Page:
I undertook a project to help document Ryan Meiring riding from Cape Town to Johannesburg on a single gear BMX. It was in support of CHOC to help raise awareness and funds to give to CHOC to continue the support that they are able to give to many families.
The project was well planned and executed by Ryan. All I had to do was drive the support van, take pictures along the way and post the pictures to social media sites to gather a following and help raise funds that the social media hype could help create. This was not easy in the middle of the Karoo where we were the only people around for hundreds of kilometres.
And so on monday the 22nd of October we left Johannesburg for the drive to Cape Town, leaving ourselves a few days to prep any final things that needed prepping, although we were pretty much ready to go at any point from that day. The drive was uneventful but long and interesting. Neither of us had driven the N1 for many years and we got re-aquainted with the landscape and looking at what we would be driving/riding through on the way back, even though our route was much further north than the highway we were currently on, the landscape would be somewhat similar.
One of my favourite places in the world is the Karoo, and nowhere makes it more obvious that you have arrived in the Karoo than crossing over the great Orange river from the Free state into the Northern Cape. We stopped at the orange river knowing it would be a great mental barrier to have crossed that on the way back, meaning we would be finished with the Karoo stages of the ride which would probably be the hardest and most mentally challenging place to be. The area around the river and the river itself are beautiful and this takes you back to a time where this land was rough and rugged and not for the faint of heart. It is still like that today, and that is one of the reasons (there are many) I love the Karoo so much, it’s harsh, desolate and untouched by modern man. So with a brief rest and a few pictures taken we got back on our horse (or otherwise known as a VW Caddy) and continued the long drive to Cape Town. We stopped at few times to take pictures along the route and we were just astounded by the beauty that the vastness of the Karoo holds. Most people drive through and just want to get through it and never take in the thoughts of what it is like to live in a place like this and the history and people that make up this huge area. We were also happy that this was not our route back as there were so many trucks on this route. We arrived in Cape Town safely and starting preparing ourselves for what we might encounter along the way, for Ryan it would be punctures, tiredness and getting himself up everyday to do the next 80k’s and for me it would be how to get the best shots from each day and when to post them to social media sites and how to make sure that all my equipment is charged.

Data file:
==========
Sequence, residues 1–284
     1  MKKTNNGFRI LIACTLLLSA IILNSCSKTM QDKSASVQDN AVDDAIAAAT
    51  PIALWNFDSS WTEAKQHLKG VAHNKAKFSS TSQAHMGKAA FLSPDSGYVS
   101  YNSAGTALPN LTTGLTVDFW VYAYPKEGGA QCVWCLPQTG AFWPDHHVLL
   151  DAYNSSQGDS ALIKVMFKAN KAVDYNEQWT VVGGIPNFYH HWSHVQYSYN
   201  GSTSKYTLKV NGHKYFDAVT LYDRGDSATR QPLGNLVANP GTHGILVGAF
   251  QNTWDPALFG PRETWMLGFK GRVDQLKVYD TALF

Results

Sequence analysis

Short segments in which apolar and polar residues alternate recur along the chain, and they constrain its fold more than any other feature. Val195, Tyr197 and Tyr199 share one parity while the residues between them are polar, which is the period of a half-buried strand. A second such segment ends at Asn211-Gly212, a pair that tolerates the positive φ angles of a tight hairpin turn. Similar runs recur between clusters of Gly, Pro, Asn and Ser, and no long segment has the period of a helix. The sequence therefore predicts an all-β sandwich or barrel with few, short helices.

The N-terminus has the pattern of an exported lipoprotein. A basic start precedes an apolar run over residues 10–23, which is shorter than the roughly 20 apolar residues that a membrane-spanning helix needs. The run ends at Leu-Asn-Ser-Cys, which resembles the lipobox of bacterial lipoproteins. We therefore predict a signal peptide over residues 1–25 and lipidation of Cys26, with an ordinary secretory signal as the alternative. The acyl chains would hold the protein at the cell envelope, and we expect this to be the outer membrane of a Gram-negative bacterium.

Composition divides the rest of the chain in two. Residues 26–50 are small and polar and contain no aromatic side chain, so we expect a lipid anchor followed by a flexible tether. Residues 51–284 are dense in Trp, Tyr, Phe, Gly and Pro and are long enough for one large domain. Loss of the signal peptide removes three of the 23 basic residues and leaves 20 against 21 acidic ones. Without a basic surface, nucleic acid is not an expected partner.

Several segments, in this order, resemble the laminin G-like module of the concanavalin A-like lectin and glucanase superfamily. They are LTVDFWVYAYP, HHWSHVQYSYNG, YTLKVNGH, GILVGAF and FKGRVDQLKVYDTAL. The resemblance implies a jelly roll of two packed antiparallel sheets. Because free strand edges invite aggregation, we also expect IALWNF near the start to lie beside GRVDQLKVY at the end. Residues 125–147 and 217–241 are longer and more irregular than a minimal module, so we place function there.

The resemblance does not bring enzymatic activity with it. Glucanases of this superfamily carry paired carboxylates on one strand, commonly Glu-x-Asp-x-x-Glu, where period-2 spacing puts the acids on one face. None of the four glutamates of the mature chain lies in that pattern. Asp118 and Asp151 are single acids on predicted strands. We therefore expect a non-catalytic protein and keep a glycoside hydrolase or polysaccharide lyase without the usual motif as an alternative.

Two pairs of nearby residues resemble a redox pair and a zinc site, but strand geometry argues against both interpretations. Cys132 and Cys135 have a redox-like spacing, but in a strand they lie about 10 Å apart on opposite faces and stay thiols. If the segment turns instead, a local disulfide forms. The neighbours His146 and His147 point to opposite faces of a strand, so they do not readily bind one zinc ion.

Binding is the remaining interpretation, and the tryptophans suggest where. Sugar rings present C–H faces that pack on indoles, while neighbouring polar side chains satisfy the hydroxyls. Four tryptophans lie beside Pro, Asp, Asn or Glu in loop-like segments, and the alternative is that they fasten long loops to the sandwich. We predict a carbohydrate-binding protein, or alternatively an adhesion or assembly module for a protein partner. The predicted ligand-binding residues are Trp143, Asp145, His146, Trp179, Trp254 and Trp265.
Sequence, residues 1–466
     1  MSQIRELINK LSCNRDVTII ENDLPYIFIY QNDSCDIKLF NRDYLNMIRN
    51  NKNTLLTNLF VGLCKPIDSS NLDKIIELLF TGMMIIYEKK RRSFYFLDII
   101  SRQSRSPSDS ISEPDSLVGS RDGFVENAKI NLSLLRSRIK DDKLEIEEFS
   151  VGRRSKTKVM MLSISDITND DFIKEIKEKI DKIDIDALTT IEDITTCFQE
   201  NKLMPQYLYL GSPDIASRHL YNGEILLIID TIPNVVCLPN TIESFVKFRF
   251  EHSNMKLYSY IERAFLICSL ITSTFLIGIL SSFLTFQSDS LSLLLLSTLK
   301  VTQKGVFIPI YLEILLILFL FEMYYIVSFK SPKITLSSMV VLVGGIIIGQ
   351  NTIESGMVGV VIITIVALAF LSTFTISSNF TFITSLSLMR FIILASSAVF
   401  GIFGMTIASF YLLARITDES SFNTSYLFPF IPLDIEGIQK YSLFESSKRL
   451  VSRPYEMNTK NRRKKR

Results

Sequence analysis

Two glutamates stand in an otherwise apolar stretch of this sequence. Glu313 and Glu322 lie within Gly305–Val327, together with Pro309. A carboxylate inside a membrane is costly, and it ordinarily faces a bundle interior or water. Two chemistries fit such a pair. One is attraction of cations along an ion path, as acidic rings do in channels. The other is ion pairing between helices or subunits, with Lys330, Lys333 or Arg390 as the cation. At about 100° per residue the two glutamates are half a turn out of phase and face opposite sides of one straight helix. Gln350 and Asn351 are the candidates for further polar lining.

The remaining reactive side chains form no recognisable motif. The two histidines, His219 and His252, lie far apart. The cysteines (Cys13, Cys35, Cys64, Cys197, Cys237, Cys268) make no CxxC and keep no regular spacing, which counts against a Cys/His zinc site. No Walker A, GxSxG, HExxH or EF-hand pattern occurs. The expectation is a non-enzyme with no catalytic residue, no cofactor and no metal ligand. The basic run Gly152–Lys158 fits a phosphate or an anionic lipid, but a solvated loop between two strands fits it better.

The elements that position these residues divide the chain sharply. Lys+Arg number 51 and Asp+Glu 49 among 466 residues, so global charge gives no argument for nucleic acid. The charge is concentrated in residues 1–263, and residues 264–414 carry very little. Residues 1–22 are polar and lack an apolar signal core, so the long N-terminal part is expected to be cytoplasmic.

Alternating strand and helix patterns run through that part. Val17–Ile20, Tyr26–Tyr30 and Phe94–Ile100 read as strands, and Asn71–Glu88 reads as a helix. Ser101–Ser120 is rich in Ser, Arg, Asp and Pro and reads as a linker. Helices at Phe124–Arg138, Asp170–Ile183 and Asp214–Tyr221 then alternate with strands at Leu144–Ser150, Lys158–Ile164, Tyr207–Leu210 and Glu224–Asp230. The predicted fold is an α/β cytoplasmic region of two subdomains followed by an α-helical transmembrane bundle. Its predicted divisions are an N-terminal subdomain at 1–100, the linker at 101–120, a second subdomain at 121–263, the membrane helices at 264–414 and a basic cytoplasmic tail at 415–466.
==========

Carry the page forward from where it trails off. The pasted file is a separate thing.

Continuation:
To break up the few days we had in Cape Town Ryan had organised a T.V interview with Expresso show, so we went very early in the morning to the studio with Ryan dressed in his cow suit! Got to meet some interesting people and had a lot of fun doing it! Once that was finished we headed on over to Bloubergstrand to get some pictures with Table mountain in the background. I wanted to show where we were, how small the bmx was and the general idea of what everything looked like to our viewers. So we did a small shoot in blouberg and then readied ourselves for leaving on friday.
And so we left on 26th October 2012. Our route, which we didn’t know before we left, is called the forgotten highway, it is one of the routes that the Voortrekkers took into the country. It has so much history along this route, it is unbelievable! We stopped at farms and guesthouses along the way, and people were happy to help us out with accommodation and food. The route was through the desert, with very arid Karoo bush and lots of dust and sand. It’s such an amazing achievement that people prosper in such hostile landscapes. And prosper they do!
Throughout the whole trip there are so many stories and interesting people we met along the way, too many to talk about unfortunately. But I hope the pictures tell you as much as they can, but there are so many words to describe how caring people are, how well we were treated and looked after along the way. It really makes me love this country and the people in it.
When we started this trip I actually had no idea what we would go through, how it would be and how the pictures come out either. I was astounded in every way. There is so much to learn from the land within and all it’s people. Being a guy from Johannesburg, you get caught up in the rat race, forgetting that you have a whole huge country waiting to be discovered, thinking that where you live is what it’s actually like out there. That could not be further from the truth. I don’t mind Johannesburg, and it may be the financial capital of Africa, but it is backed up by the rest of this country with all it’s riches and history and interesting places and people. The only way to really discover what this country is really like, is to get out there, stay in the small towns, visit the small and obscure monument or piece of history, see how it all ties together to make up this country and ultimately you.
You will be amazed at what it has to offer!
I wanted to capture the wide open spaces, the feeling that he was all alone and the vastness of the distance that he had to cover each day.
The cold had set in and it was going to be an uncomfortable day.
The history is everywhere!
Those hills were a killer!
Found some random people just having a braai in the desert.
Had to do one picture for the sponsors.